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Things Everyone Should Know About Cataract Surgery

Wednesday, April 19, 2017

Many people develop cataracts as they get older, especially if they have conditions such as diabetes, if they take certain medications, or if they smoke. Cataracts are a clouding of the lenses that cover the eyes and they require surgery to correct. If you’re considering cataract surgery, here are some things of which you need to be aware.

Surgery Replaces Lenses

The purpose of the surgery is to replace the clouded lenses with clear ones so you can see better. The new lenses are called intraocular lenses and are artificial implants. The implants are safe and will last most people for the rest of their lives.


When the problem is discovered, either by an optometrist or your doctor, you will be referred to an ophthalmologist who will perform the surgery once he or she diagnoses the cataracts. Most cataract surgeries take plan in the ophthalmologist’s office, though they could be done in a hospital if you have other medical conditions that may complicate the surgery.

Two Types of Surgeries

There are two types of cataract surgeries ophthalmologists perform: small incision surgery and extracapsular surgery.

The small incision cataract operation is the most common one performed. After numbing your eyes with drops or sedating you, a small incision is made on the edge of the cornea. A very small ultrasound probe is then inserted to soften and break up the clouded lens. The pieces are removed and the lens is replaced with the implant.

When an extracapsular cataract surgery is done, the doctor makes a slightly longer incision to remove the clouded lens in one piece. Then, the implant replaces it and the incision is closed. Surgery can take anywhere from 10 minutes to an hour, depending if there are complications.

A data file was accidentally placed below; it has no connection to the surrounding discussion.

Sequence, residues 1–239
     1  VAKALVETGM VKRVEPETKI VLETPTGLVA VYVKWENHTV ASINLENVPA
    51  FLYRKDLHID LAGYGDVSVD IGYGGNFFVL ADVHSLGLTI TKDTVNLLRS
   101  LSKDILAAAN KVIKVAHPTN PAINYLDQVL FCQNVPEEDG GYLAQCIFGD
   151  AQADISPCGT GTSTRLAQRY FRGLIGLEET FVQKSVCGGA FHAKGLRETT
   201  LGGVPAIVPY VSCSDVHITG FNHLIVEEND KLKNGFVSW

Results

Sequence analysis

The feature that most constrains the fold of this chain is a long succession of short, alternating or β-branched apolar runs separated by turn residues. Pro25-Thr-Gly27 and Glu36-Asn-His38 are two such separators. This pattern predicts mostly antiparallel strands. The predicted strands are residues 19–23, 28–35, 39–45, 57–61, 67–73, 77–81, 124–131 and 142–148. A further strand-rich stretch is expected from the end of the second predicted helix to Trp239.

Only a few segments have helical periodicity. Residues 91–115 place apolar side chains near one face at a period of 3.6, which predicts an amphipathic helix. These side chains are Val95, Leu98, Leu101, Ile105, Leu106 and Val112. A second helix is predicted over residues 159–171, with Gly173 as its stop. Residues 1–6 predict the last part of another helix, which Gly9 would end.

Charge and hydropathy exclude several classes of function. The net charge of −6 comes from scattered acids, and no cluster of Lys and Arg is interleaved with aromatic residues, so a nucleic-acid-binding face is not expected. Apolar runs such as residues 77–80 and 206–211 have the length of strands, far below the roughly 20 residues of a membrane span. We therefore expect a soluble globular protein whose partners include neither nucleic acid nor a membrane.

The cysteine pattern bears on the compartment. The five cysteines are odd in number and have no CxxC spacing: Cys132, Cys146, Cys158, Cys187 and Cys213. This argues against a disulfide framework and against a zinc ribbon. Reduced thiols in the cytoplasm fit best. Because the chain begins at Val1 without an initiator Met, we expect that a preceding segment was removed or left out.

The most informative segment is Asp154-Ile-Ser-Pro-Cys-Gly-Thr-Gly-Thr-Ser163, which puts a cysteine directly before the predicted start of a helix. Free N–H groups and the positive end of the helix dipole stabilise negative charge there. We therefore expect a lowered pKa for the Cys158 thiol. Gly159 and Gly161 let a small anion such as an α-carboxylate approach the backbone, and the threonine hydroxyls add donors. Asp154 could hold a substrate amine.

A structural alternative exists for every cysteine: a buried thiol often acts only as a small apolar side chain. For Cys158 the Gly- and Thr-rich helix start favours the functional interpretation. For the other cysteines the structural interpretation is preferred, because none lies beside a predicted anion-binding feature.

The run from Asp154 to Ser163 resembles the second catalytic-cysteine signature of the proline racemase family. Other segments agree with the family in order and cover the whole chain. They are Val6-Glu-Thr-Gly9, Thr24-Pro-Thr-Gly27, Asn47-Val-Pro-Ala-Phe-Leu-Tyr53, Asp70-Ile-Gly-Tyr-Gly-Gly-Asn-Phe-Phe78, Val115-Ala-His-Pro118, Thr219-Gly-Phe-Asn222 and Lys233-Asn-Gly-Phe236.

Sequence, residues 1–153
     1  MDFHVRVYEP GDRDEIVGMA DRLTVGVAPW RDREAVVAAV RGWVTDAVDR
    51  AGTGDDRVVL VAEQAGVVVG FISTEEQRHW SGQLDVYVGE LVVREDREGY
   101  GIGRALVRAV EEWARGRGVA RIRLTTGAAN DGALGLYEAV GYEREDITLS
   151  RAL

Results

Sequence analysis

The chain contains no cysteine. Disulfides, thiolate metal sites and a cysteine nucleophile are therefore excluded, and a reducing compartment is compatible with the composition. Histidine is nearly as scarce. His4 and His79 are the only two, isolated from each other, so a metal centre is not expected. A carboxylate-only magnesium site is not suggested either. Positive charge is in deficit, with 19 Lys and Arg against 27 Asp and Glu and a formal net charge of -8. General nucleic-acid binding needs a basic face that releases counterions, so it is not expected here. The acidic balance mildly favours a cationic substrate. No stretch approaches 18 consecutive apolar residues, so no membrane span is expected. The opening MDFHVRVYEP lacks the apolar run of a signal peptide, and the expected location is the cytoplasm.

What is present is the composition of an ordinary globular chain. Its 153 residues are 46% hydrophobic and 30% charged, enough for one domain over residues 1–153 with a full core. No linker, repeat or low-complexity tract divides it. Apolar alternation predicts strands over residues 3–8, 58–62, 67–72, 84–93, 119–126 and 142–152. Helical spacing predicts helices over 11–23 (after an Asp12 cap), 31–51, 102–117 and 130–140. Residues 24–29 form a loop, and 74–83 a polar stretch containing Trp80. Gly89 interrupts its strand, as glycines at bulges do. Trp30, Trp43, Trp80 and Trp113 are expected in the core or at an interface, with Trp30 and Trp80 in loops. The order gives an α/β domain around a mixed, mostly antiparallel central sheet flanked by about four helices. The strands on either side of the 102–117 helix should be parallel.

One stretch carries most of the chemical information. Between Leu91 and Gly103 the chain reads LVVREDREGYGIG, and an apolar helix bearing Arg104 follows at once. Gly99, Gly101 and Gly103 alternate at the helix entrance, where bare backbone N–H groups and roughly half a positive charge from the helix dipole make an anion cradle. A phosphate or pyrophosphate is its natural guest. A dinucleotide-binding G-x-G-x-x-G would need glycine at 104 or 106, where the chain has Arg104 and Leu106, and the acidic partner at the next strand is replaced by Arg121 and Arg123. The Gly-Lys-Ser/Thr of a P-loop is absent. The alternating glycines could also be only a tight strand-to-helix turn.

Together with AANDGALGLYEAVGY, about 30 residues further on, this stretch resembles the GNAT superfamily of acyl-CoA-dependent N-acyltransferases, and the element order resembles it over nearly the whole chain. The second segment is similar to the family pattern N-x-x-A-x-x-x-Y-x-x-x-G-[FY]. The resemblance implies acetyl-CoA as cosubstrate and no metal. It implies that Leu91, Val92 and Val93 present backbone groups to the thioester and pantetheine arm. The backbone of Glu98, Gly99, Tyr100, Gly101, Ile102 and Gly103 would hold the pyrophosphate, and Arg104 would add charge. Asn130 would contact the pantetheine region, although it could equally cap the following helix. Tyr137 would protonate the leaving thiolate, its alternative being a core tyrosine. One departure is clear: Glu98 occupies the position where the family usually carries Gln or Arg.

Recovery from Surgery

Recovering from surgery is a gradual process and it can take up to 10 weeks to fully recover. However, most people resume their normal activities within two weeks of having it done. The doctor will prescribe eye drops to help speed the healing process and you will usually wear an eye patch after surgery to protect the eye.

Try to rest after surgery and avoid putting too much pressure on the eye. So, don’t bend over immediately after surgery, try not to sneeze or vomit, and don’t lift heavy weights for several weeks after having it done. If you don’t wear glasses, consider wearing sunglasses when you’re outside to protect your eye from dirt, dust, and debris that can be blown around by the wind.

As your eye heals, it may feel dry or scratchy, but do not rub your eye. If there is some type of debris in it, it could scratch your eye and damage it. Contact the ophthalmologist if your vision hasn’t improved, if it is blurry, or if you’re having eye pain or significant discomfort while you’re recovering. Most surgeries are performed without complications but don’t hesitate to inform the surgeon if you’re having problems after your eye surgery.

You should see significant improvements in your eyesight once surgery has been done so you can resume your normal activities.

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